Easily one of the quirkiest cars BMW has ever made, the Z1 was a short-lived, low-volume model that continues to mesmerize even after more than three decades since production ended. A new (and rather excellent we might add) video tells the story of the first product developed by BMW Technik AG to serve as a direct successor of the stunning 507 Roadster from the late 1950s.
There was more to the Z1 than its electrically operated pop-out doors as the tiny roadster about the same size as the Mazda MX-5 Miata was built by hand. The vehicle’s frame was hot-dip galvanized in an immersion bath to boost the monocoque’s torsional resistance by 25% and greatly improve corrosion protection. In addition, the floor was bonded with the frame and partly bolted to it.
The highly elastic plastic used for the bumpers allowed them to go back to their original shape even after impacts at 2.5 mph (4 km/h). Fiber composites were used for the hood and trunk lid while the plastic panels required special paint with three different degrees of hardness. BMW sold the Z1 in Fun Yellow, Top Red, Dream Black, and Nature Green.
It used a 2.5-liter straight-six engine with 168 horsepower and 222 Nm (164 lb-ft) borrowed from the 3 Series of the time. It also got a five-speed manual gearbox and front suspension from the same 325i E30. While that might not seem much by today’s standards, the Z1 only weighed 1,250 kilograms (2,760 pounds), with a nearly perfect 49:51 front/rear distribution. Another interesting feature was the then-new multi-link rear suspension with two transverse control arms and one longitudinal control arm.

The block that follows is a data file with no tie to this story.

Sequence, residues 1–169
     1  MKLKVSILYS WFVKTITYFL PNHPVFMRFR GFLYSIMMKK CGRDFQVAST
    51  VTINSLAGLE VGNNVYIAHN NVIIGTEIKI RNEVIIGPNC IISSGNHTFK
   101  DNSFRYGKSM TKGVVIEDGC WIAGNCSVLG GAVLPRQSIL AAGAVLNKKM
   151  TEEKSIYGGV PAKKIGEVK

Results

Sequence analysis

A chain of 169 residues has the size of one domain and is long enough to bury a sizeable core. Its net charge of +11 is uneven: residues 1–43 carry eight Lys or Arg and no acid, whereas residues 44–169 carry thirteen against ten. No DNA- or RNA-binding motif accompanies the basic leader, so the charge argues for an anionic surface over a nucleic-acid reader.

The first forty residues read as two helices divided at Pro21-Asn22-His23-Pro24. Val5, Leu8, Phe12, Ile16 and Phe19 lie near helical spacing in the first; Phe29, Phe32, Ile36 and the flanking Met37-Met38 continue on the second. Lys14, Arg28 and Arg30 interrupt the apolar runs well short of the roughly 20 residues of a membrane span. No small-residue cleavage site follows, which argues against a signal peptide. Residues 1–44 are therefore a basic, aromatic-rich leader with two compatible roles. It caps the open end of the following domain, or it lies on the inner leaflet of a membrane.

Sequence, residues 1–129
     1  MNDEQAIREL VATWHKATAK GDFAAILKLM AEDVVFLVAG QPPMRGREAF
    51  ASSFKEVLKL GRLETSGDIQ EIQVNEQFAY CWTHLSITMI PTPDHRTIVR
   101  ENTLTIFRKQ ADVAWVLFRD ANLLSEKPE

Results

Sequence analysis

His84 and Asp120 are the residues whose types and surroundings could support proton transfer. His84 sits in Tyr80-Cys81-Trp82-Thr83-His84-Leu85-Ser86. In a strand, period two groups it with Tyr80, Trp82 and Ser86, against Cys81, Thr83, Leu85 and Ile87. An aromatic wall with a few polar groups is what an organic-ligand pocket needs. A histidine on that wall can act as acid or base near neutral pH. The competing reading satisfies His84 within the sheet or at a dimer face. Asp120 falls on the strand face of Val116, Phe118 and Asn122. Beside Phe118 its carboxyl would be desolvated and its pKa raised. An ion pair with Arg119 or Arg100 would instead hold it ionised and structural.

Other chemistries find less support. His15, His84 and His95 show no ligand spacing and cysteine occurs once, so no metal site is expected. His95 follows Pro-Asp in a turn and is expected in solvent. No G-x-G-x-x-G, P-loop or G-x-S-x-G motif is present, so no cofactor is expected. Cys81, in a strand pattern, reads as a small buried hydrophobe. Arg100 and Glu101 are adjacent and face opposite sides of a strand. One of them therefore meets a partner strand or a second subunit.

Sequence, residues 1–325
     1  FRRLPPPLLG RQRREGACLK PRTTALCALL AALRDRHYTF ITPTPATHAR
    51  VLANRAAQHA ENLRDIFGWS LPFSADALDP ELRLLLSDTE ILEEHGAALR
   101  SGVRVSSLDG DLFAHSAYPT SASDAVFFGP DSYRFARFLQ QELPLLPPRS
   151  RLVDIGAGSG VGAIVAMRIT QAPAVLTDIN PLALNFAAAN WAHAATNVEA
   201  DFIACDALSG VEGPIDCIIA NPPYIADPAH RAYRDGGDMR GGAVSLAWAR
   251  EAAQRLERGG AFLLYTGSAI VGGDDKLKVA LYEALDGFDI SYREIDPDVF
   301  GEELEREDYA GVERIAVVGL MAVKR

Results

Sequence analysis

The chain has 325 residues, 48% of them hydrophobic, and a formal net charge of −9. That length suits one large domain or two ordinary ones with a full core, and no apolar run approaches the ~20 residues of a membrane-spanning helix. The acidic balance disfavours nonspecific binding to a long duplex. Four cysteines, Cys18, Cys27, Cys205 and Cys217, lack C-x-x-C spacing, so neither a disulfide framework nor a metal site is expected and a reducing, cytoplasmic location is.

Although it’s been reported BMW received 35,000 orders from customers, the Munich-based company ended up making only 8,000 units (all in LHD) from March 1989 until June 1991. The Z1 was originally unveiled as a concept at the 1987 Frankfurt Motor Show where it was presented alongside the first V12 model (750i) and the first 3 Series Touring.
Fun fact – BMW was offered by a German magazine DM 150,000 in cash for the Reed Green showcar, but BMW refused to sell it. That was one of the just 10 vehicles built at that point and the company needed it for testing purposes. The subsequent production car ended up costing DM 83,000.
When BMW celebrated the Z1’s 25th anniversary back in June 2012, there was at least one car on the road with a certified mileage of over 330,000 kilometers (205,000 miles)
Source: Big Car / YouTube